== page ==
63 64 76 86 96

109 110 111 114 118 125 129

III. TEACHER SECTION To the Teacher . . . . . . . . . . . . . . . . . . . . . . . . . . . . . . . . . . . . . . . . . . . . . . . 132


4 4

half inch Moore 1

e Joseph Moor

contraction

Mr. Eeus English IH

2010 9 October

sp

JACK LONDEN

wrote many , 1876. He January 12 on rn bo d The Sea was e Fang, an Jack Londen Wild, Whit e th of a e Call s to make cluding Th an novelist novels, in first Americ e th of e He on was on easy life. sp Wolf. Lond ’t have an Londen didn s . ls ve no ’s and ship ing on the dock living writ mes worked ti me so he broke and was often thesis? sp of the . an ll am Ca se e a Th as vel on Londen’s no no transiatido family g in Jack ve with a Buck is l ve Buck li no e th of rs ing he encounte the beginn Wild. At aska where taken to Al is ck At Bu . ia, but with wolves in Californ encounters es and has ur nt od ve go ad ry ng ve ornton, a many exciti ets John Th me ck Bu y the stor who? said: no transition the end of One writer on dies. nt or Th hn ls in t Jo master, bu e best nove some of th e ot wr on tween Jack Lond the edge be He explored . re tu ra quote American lite aracters d showed ch savagery an d t n an va on le ti re ir de to civiliza from one si -crossing sal ph im ra g an ra them to pa --some of 274) (Samayam, erica. another. ates of Am e United St on no transitiis the largest state in th n see sp n. You ca Alaska Artic Ocea e th d an n Canada Strait. ted betwee the Bering It is loca ka, across as Al in s the houses e price wa Russia from Russia. Th Alaska from do ht to ug ve bo ha States What does this The United ph above ra s. g ar ra ll pa do e n th io with seven mill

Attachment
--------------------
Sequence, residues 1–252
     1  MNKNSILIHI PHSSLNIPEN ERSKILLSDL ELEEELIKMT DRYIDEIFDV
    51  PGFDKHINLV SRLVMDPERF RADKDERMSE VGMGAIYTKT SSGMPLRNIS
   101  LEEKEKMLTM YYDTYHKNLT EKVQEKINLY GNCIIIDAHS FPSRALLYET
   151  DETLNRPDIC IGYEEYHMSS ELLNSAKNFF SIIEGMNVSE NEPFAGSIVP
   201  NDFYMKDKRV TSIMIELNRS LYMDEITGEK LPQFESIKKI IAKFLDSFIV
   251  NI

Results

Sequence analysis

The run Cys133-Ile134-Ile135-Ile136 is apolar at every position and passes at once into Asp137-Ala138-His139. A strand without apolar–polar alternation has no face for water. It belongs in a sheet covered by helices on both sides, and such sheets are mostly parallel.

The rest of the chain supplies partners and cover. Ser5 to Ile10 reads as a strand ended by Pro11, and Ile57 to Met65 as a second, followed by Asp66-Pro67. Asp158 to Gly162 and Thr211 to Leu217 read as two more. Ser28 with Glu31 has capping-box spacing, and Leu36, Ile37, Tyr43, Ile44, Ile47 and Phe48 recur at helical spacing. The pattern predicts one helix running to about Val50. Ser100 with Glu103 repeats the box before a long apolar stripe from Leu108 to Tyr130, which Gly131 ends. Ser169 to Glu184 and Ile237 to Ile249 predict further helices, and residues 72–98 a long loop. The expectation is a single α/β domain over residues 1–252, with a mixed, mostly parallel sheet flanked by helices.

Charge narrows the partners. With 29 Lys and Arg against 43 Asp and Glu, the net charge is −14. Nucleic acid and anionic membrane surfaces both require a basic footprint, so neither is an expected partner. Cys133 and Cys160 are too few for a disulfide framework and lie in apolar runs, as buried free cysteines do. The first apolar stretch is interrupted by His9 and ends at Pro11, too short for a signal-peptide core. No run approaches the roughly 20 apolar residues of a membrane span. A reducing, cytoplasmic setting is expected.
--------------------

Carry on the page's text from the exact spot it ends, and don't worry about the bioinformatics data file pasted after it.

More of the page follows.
sp

r-s

thesis?

This paper shows what not to do. There is no thesis, no continuity.

is?

or with the thes

thesis?

Moore 6 Works Cite d The Call of the Wild. Chicago: Me ---. Whit e Fang. Ne llon, 2003 . w York: Pa la din, 2005. Samayam, Su e S. Jack London’s No vels of th Harping, 20 e Wild New York: 04. Durness, Wi ll. “The Gradual Me tamorphosi s to Savage in The Lord ry as seen of the Ring s and The Call of th Chicago Re e Wild.” view of Li The terature. 23 (2004): 124-137. ital London, Ja ck.

Works Cited not alphabetized.


Introduction

Notice the strong effect of errors on the reader. They damage the experience.

The weary English teacher, Mr. Eeus, had been sitting before his computer for five hours, carefully grading the stack of papers he had received on Friday. He was determined to return them on Monday. Most of the papers had been good, had been what he had assigned: five-page MLA papers with long and short quotations supporting an intellectual thesis. The hands of the clock on the wall kept circling, and soon he would have to stop for the night. He would grade a few more. Even though he was getting tired, he would think positively; he had trained himself to look forward to every paper, no matter how many papers there were. He picked up the next paper from the stack. Ah, the paper was by Joseph Moore. Joseph was a good student who participated in class discussions and always did his work on time. Mr. Eeus began to examine Joseph’s paper. Even at first glance, he saw problems. The title of the paper, JACK LONDEN, was